The budget for the controversial Australian War Memorial redevelopment has blown out in the face of rising construction costs.
The Morrison Government quietly slipped a further $50 million to the Memorial in March so it could manage the cost pressures, which are being felt across many projects in Canberra.
The government budgeted $498 million across 10 years for the project, which attracted widespread criticism for its scale, cost and the demolition of the award-winning Anzac Hall to make way for a bigger building capable of housing large war artefacts and telling the story of more contemporary conflicts.
The approvals process also came into question after an overwhelming number of submissions to a parliamentary inquiry and the National Capital Authority works applications.
The NCA gave the project’s so-called Early Works the all-clear in June last year and work started soon after felling trees and demolishing Anzac Hall.
In November, it approved the Main Works, including the new Anzac Hall and glazed link, realignment of the eastern road running parallel to the main building and alterations to the parade ground so it is an extension of Anzac Parade.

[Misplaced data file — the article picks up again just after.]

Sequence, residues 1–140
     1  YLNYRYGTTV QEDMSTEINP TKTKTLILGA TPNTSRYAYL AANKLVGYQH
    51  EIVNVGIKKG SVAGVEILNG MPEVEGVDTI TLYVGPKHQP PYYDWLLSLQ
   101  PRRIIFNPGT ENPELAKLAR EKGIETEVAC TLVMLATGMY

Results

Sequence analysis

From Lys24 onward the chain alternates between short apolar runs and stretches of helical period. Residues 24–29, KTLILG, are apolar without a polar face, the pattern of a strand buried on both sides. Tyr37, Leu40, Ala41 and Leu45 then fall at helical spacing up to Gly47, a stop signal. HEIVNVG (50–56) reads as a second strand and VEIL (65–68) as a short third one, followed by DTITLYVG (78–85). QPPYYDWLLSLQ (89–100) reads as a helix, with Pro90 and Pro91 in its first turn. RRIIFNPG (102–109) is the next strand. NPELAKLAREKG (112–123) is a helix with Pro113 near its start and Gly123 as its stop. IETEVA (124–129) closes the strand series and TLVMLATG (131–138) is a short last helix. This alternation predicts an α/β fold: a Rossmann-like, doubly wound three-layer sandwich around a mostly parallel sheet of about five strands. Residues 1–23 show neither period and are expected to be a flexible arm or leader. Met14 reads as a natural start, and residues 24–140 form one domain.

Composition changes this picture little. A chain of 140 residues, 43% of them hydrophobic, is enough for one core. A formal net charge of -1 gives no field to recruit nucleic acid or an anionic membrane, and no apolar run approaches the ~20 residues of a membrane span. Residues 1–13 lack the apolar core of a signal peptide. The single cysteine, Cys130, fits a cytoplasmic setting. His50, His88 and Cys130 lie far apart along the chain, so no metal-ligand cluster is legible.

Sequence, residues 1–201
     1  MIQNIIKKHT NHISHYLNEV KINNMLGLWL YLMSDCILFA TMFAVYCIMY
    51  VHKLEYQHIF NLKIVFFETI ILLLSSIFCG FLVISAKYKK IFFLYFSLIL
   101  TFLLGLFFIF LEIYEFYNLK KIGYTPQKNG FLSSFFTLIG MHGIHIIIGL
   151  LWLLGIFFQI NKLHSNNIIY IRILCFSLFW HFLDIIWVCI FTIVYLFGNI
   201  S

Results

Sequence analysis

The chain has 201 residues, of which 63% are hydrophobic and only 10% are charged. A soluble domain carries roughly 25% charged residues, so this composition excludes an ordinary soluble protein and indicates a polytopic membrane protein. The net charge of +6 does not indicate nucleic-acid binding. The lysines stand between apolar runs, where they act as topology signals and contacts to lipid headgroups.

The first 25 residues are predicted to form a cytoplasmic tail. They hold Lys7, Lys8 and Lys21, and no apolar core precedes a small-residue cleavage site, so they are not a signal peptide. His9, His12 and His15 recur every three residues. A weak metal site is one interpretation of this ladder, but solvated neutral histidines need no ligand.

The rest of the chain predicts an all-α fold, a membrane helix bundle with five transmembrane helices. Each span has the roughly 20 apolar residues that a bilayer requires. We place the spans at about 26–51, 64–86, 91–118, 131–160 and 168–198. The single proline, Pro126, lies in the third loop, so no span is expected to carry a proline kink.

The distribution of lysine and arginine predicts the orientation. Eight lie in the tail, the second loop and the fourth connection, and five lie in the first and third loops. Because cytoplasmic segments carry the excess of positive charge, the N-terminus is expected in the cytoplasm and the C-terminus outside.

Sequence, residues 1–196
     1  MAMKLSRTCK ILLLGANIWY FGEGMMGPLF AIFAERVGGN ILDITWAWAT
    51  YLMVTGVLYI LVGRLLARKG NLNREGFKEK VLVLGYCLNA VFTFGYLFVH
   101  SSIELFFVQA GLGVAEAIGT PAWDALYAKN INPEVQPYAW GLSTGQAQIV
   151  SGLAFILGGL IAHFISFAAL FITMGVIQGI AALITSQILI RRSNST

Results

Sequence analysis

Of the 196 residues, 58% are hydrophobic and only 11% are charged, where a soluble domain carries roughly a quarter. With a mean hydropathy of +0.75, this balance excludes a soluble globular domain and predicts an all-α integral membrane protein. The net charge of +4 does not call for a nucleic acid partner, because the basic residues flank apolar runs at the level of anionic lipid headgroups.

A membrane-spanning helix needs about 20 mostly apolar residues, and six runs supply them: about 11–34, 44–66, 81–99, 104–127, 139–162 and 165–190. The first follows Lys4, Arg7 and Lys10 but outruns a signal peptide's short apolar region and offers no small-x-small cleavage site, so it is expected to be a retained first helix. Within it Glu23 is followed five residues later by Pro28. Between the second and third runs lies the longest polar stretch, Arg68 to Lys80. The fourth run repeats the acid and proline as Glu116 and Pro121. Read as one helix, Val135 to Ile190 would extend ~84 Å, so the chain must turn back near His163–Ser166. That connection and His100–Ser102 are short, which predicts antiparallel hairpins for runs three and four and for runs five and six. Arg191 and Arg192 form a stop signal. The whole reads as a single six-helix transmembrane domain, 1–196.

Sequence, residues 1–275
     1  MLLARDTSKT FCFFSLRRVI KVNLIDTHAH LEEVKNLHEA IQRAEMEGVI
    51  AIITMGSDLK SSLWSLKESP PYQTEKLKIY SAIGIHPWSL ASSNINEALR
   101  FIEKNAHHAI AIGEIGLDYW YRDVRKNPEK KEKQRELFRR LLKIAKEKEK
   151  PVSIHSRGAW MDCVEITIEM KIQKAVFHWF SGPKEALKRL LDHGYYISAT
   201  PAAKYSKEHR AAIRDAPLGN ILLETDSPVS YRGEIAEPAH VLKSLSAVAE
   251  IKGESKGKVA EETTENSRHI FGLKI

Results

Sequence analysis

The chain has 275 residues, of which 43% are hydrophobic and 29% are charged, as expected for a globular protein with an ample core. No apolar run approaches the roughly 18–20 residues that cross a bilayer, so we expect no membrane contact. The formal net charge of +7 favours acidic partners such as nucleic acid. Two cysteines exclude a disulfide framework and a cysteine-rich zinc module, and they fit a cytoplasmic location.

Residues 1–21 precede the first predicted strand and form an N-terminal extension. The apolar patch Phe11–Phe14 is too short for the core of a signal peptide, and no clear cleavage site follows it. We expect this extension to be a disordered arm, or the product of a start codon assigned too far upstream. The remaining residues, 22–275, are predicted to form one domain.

Director Matt Anderson said the site excavation and design work was on budget and on time, but unforeseen increases in construction costs had forced the Memorial to ask for more money to cover them.
“Due to the significant and unprecedented market cost variations, the former government provided $50 million in March 2022 to manage these increases,” he said.
“We appreciate this support greatly.”
While costs are increasing, the project would continue to proceed as planned and not be scaled back, Mr Anderson said.
He did not rule out the need for further cash injections if cost rises did not abate.
“These significant increases in supply costs are consistent with market movement across the entire construction and development industry. It is important to note, the scope of our works has not changed,” Mr Anderson said.
“The impacts of inflation and shipping continue to put pressure on construction costs. We will continue to do everything we can to value manage the project.”
Labor has offered bipartisan support for the project, but there has been disquiet in its ranks about the cost and the loss of Anzac Hall.
In 2021, MPs Tony Zappia and Canberra’s David Smith dissented from the Parliamentary Works Committee report supporting the project, calling for other options to be explored that did not involve demolishing Anzac Hall and less expensive alternatives such as an overhaul of the War Memorial’s Mitchell facility.
The Albanese Government has not indicated whether it would provide additional funding for the War Memorial project if further funding requests were submitted.